A bi-partisan group of some of the most influential US Senators has called on the Sri Lankan government to expeditiously alleviate the suffering of thousands of Tamil refugees and return them to their homes by the end of the year.
While acknowledging that the end of the war can be a 'turning point for the people of Sri Lanka', the lawmakers said in the short-term it is imperative that the government of Sri Lanka take 'immediate steps to alleviate the humanitarian crisis in the north for hundreds of thousands of internally displaced persons by facilitating humanitarian access to the government camps and fulfilling its promise to return the majority home by the end of the year'.
The lawmakers who made the joint statement were Senators John F Kerry, Massachusetts Democrat, who chairs the powerful Senate Foreign Relations Committee, Richard Lugar, the ranking Republican on the Committee from Indiana, Bob Casey, Pennsylvania Democrat and chairman of the Senate Foreign Relations Subcommittee on South Asian Affairs, Sherrod Brown, Ohio Democrat, Sam Brownback, Kansas Republican and Patrick Leahy, Vermont Democrat and chairman of the Senate Judiciary Committee.
It was Leahy, who led the campaign to slash security assistance to Sri Lanka two years ago, alleging that the Sri Lankan forces had committed rampant human rights abuses and the miscreants had not been brought to justice.
The lawmakers, in their statement responding to the declaration by the President of that the decades-long war with the LTTE had finally ended, said, 'We welcome the news that Sri Lanka's long-running civil war has been brought to a close. The war had, for the past 26 years, led to the people of Sri Lanka suffering enormously from a conflict that appeared intractable.'
Tabulating the human costs, they said, 'Some 70,000 people were killed, many more injured, and countless others were uprooted and force to flee the violence.'
The lawmakers said, particularly in the recent months, 'civilians in the north-eastern part of the island have faced terrible hardship, and exceptionally difficult conditions still persist for hundreds of thousands that have been internally displaced.'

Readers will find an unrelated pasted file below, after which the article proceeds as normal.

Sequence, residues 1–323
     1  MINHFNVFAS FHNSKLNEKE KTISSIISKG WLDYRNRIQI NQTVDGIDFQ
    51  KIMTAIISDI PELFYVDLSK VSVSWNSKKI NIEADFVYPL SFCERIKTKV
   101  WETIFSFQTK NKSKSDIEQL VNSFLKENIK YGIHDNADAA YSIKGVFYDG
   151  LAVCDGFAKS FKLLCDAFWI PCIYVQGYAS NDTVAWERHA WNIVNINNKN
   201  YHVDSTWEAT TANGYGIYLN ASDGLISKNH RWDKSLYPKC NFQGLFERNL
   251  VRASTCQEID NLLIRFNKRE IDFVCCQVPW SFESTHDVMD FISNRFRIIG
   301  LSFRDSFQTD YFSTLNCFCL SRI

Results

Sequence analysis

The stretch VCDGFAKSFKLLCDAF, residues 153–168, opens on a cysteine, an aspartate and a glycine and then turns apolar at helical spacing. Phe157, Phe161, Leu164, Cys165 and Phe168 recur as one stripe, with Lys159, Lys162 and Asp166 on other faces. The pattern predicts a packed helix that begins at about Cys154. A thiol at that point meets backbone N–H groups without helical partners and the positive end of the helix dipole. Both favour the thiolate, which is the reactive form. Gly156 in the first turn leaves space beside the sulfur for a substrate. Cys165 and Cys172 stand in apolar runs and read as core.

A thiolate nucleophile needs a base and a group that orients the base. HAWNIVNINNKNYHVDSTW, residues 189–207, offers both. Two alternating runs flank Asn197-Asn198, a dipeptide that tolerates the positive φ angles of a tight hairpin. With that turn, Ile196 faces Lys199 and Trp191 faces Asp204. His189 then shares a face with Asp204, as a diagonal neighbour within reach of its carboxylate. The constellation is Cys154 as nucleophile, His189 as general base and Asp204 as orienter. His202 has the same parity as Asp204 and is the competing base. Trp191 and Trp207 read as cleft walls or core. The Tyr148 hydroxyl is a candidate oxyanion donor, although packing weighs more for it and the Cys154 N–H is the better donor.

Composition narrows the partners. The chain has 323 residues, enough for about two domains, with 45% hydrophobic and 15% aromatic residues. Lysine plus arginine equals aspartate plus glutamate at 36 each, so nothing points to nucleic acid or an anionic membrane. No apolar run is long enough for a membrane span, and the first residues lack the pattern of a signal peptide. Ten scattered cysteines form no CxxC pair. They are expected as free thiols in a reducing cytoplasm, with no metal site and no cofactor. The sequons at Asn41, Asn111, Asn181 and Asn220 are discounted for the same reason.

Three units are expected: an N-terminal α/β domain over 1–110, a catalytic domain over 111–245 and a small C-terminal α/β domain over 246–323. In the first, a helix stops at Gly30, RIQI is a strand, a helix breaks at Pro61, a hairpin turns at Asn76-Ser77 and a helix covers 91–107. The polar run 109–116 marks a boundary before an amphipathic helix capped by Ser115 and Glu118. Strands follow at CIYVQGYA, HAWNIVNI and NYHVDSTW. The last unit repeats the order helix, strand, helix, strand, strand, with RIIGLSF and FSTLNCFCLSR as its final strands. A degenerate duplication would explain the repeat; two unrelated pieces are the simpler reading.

'The scale of suffering has been obscured by denial of access to humanitarian workers, journalists, and most other outside observers,' they said.
But, the Senators said, 'Today can be a turning point for the people of Sri Lanka. The government has a chance to forge a long-term political situation, one that acknowledges the legitimate aspirations of all Sri Lankans, including Sinhalese, Tamils and others groups.'
'This means taking steps toward reconciliation and justice, including devolution of power to local bodies as provided by the Constitution of Sri Lanka,' they said, and while conceding that it would not be easy, added, "We are looking to the leaders of the government of Sri Lanka to move the country forward in peace after more than a quarter-century of conflict.'
Meanwhile, the Obama administration -- also echoing the sentiments of the lawmakers -- bemoaned that 'the 26-year-old conflict had cost tens of thousands of Sinhalese and Tamil lives, uprooted countless Sri Lankans from their homes, left thousands maimed or wounded, and has brutally divided the nation.'
State Department spokesman Ian Kelly said, 'To truly defeat terrorism, the government of Sri Lanka needs to begin to heal the wounds of the conflict and work toward building a democratic, prosperous, tolerant and united Sri Lanka and work toward justice and reconciliation for both sides.'
'A lasting peace in Sri Lanka depends on Sinhalese, Tamils and other Sri Lankans working together to achieve new power sharing arrangements that safeguard and promote the rights of all Sri Lankans,' Kelly added.